Background: Growing clinical adoption of PET/MRI for prostate cancer (PC) evaluation has increased interest in reducing PET/MRI scan times. Reducing acquisition time per bed position below current times of at least 5 minutes would allow shorter examination lengths. Objective: To evaluate the effect of different reduced PET acquisition times in patients with PC who underwent 68Ga-PSMA11 or 68Ga-RM2 PET/MRI using highly sensitive silicon photomultiplier-based PET detectors. Methods: This study involved retrospective review of men with PC who underwent PET/MRI as part of one of two prospective trials. Fifty men (mean age, 69.9±6.8 years) who underwent 68Ga-RM2 PET/MRI and 50 men (66.6±5.7 years) who underwent 68Ga-PSMA11 PET/MRI were included. PET/MRI used a time-of-flight-enabled system with silicon photomultiplier-based detectors. Acquisition time was 4 minutes per bed position. PET data were reconstructed using acquisition times of 30 seconds, 1 minute, 2 minutes, 3 minutes, and 4 minutes. Three readers independently assessed image quality for each reconstruction using 1-5 scale (1=non-diagnostic; 5=excellent quality). One reader measured SUVmax for up to 6 lesions per patient. Two readers independently assessed lesion conspicuity using 1-3 scale (1=not visualized; 3=definitely visualized). Results: Mean image quality across readers at 30 seconds, 1 minutes, 2 minutes, 3 minutes, and 4 minutes was, for 68Ga-RM2 PET/MRI, 1.0±0.2 to 1.7±0.7, 2.0±0.3 to 2.6±0.8, 3.1±0.5 to 3.9±0.8, 4.6±0.6 to 4.7±0.6, and 4.8±0.4 to 4.8±0.5, respectively, and for 68Ga-PSMA11 PET/MRI was 1.2±0.4 to 1.8±0.6, 2.2±0.4 to 2.8±0.7, 3.6±0.6 to 4.1±0.8, 4.8±0.4 to 4.9±0.4, and 4.9±0.3 to 5.0±0.2, respectively. Mean lesion SUVmax for 68Ga-RM2 PET/MRI was 11.1±12.4, 10.2±11.7, 9.6±11.3, 9.5±11.6, and 9.4±11.6, respectively, and for 68Ga-PSMA11 PET/MRI was 14.7±8.2, 12.9±7.4, 12.1±7.8, 11.7±7.9, and 11.6±7.9, respectively. Mean lesion conspicuity (reader 1/reader 2) was, for 68Ga-RM2 PET/MRI, 2.4±0.5/2.7±0.5, 2.9±0.3/2.9±0.3, 3.0±0.0/3.0±0.0, 3.0±0.0/3.0±0.0, and 3.0±0.0/3.0±0.0, respectively, and for 68Ga-PSMA11 PET/MRI was 2.6±0.5/2.8±0.4, 3.0±0.2/2.9±0.3, 3.0±0.1/3.0±0.2, 3.0±0.0/3.0±0.0, and 3.0±0.0/3.0±0.0, respectively. Conclusion: Our data support routine 3 minute acquisitions, which provided very similar results as 4 minute acquisitions. Two minute acquisition, though somewhat lowering quality, provided acceptable performance and warrants consideration. Clinical Impact: When evaluating PC using modern PET/MRI equipment, time per bed position may be reduced compared with historically used times.

    View details for DOI 10.2214/AJR.21.25961

    View details for PubMedID 34406051

  • A Pilot Study of68Ga-PSMA11 PET/MRI and68GaRM2 PET/MRI for Biopsy Guidance in Patients with Suspected Prostate Cancer Duan, H., Ferri, V., Ghanouni, P., Daniel, B., Hatami, N., Davidzon, G., Aparici, C., Moradi, F., Thong, A., Sonn, G., Iagaru, A. SOC NUCLEAR MEDICINE INC. 2021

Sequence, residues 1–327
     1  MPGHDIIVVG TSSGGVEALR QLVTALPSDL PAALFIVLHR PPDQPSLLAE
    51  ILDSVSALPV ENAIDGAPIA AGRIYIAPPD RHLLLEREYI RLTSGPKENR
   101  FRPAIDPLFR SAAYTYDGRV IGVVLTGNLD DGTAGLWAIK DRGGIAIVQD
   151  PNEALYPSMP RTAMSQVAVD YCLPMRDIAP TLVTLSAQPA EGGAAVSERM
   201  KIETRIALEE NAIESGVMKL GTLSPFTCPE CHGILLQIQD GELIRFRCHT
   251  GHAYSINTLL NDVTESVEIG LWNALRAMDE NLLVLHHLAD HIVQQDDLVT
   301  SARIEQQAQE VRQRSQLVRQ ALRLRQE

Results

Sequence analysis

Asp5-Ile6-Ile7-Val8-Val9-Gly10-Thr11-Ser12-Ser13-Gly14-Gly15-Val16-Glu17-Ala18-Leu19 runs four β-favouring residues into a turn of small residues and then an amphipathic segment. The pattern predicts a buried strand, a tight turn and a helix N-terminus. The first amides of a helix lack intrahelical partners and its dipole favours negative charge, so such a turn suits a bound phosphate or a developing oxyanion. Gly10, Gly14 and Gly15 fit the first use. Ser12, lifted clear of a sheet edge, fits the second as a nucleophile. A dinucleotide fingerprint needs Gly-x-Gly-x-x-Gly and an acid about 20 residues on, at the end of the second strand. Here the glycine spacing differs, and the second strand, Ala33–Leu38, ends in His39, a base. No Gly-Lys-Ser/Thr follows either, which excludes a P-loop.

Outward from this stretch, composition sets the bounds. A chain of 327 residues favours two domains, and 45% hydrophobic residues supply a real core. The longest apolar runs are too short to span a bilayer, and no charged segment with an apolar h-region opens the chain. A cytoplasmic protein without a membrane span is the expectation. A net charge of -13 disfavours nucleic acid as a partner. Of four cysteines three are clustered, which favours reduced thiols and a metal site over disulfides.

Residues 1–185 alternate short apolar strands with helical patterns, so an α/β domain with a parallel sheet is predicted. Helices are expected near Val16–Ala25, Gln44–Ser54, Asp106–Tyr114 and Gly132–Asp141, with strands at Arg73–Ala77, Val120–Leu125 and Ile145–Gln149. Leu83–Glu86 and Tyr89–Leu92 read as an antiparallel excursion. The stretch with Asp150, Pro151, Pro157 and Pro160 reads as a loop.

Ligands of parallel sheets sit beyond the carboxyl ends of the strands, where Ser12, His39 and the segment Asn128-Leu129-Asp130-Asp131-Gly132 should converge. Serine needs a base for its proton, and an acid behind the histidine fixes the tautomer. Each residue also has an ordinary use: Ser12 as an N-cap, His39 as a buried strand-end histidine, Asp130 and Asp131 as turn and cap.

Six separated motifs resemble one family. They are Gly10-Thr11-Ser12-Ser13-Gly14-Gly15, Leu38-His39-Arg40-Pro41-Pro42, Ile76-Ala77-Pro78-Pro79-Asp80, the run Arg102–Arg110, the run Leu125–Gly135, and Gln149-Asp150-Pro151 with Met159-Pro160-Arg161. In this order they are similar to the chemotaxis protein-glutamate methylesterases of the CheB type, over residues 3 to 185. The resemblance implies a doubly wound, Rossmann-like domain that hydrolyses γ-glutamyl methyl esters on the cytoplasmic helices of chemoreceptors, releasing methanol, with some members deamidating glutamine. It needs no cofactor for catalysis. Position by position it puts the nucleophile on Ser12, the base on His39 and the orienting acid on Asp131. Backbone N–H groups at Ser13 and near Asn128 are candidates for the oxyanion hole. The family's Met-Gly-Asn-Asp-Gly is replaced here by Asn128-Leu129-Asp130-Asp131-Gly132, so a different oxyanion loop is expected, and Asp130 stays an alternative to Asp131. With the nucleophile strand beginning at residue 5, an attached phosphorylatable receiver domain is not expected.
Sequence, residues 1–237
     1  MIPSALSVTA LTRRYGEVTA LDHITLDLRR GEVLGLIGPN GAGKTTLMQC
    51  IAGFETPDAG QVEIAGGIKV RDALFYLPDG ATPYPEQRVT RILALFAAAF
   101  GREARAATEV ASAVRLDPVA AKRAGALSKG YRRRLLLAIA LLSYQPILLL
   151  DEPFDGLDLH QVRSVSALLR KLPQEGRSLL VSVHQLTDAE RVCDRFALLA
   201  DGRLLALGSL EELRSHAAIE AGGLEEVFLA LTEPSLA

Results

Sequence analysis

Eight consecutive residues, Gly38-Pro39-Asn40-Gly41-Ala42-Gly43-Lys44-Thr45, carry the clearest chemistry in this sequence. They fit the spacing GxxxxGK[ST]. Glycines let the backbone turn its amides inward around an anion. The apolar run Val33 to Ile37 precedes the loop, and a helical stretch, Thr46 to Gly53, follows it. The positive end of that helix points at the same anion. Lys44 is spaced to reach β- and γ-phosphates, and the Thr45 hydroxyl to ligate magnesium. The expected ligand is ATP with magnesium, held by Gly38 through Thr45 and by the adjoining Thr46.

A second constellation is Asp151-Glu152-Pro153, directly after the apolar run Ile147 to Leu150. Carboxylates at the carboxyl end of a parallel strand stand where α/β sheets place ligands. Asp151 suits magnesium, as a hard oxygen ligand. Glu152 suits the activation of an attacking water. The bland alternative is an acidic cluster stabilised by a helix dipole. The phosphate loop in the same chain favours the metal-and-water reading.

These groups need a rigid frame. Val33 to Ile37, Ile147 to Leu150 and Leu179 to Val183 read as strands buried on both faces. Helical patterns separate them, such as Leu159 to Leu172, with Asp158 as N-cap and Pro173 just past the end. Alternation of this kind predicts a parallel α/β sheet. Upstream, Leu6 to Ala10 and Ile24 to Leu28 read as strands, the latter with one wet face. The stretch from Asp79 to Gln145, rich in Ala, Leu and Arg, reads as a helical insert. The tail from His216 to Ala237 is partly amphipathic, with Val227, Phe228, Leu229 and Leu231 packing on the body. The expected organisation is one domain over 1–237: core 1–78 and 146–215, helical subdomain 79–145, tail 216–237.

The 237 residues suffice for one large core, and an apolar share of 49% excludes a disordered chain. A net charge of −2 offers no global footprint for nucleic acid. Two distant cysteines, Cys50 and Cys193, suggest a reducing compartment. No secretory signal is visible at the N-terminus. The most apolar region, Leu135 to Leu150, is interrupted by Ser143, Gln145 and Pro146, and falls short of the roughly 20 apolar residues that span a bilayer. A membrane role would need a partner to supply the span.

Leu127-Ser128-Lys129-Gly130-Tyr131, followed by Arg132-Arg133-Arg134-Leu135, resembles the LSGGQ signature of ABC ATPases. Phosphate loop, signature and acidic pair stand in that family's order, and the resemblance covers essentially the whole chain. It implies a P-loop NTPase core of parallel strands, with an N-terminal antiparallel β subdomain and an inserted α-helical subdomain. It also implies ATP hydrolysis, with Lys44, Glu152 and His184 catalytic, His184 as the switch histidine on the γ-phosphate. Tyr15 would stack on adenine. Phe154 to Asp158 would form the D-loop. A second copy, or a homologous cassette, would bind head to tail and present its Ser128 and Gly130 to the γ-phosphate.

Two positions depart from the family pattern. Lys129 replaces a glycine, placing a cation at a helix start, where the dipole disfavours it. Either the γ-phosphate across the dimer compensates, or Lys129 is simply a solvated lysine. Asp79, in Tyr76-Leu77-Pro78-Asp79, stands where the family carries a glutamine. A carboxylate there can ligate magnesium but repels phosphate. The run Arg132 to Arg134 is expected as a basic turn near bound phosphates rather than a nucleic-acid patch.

• Biodistribution and Safety of F-18-FP-R(0)1-MG-F2 Knottin PET Tracer in Patients with Pancreatic Cancer Nakamoto, R., Duan, H., Ferri, V., Hatami, N., Goel, M., Kimura, R., Wardak, M., Haywood, T., Shen, B., Park, W., Iagaru, A. SOC NUCLEAR MEDICINE INC. 2021
  • Pilot Comparison of F-18-FP-R01-MG-F2 and F-18-FDG PET in Patients with Pancreatic Cancer Nakamoto, R., Duan, H., Ferri, V., Hatami, N., Goel, M., Kimura, R., Wardak, M., Haywood, T., Shen, B., Park, W., Iagaru, A. SOC NUCLEAR MEDICINE INC. 2021
  • PSMA- and GRPR-targeted PET: Results from 50 Patients with Biochemically Recurrent Prostate Cancer. Journal of nuclear medicine : official publication, Society of Nuclear Medicine Baratto, L., Song, H., Duan, H., Hatami, N., Bagshaw, H., Buyyounouski, M., Hancock, S., Shah, S. A., Srinivas, S., Swift, P., Moradi, F., Davidzon, G. A., Iagaru, A. 2021

    Abstract

    Rationale: Novel radiopharmaceuticals for positron emission tomography (PET) are evaluated for the diagnosis of biochemically recurrent prostate cancer (BCR PC). Here, we compare the gastrin releasing peptide receptors (GRPR) - targeting 68Ga-RM2 with the prostate specific membrane antigen (PSMA) - targeting 68Ga-PSMA11 and 18F-DCFPyL. Methods: Fifty patients had both 68Ga-RM2 PET/MRI and 68Ga-PSMA11 PET/CT (n = 23) or 18F-DCFPyL PET/CT (n = 27) at an interval ranging from 1 to 60 days (mean±SD: 15.8±17.7). Maximum standardized uptake values (SUVmax) were collected for all lesions. Results: RM2 PET was positive in 35 and negative in 15 of the 50 patients. PSMA PET was positive in 37 and negative in 13 of the 50 patients. Both scans detected 70 lesions in 32 patients. Forty-three lesions in 18 patients were identified only on one scan: 68Ga-RM2 detected 7 more lesions in 4 patients, while PSMA detected 36 more lesions in 13 patients. Conclusion: 68Ga-RM2 remains a valuable radiopharmaceutical even when compared with the more widely used 68Ga-PSMA11/18F-DCFPyL in the evaluation of BCR PC. Larger studies are needed to verify that identifying patients for whom these two classes of radiopharmaceuticals are complementary may ultimately allow for personalized medicine.

    View details for DOI 10.2967/jnumed.120.259630

    View details for PubMedID 33674398

  • High quality imaging and dosimetry for yttrium-90 (90Y) liver radioembolization using a SiPM-based PET/CT scanner. European journal of nuclear medicine and molecular imaging Duan, H., Khalaf, M. H., Ferri, V., Baratto, L., Srinivas, S. M., Sze, D. Y., Iagaru, A. 2021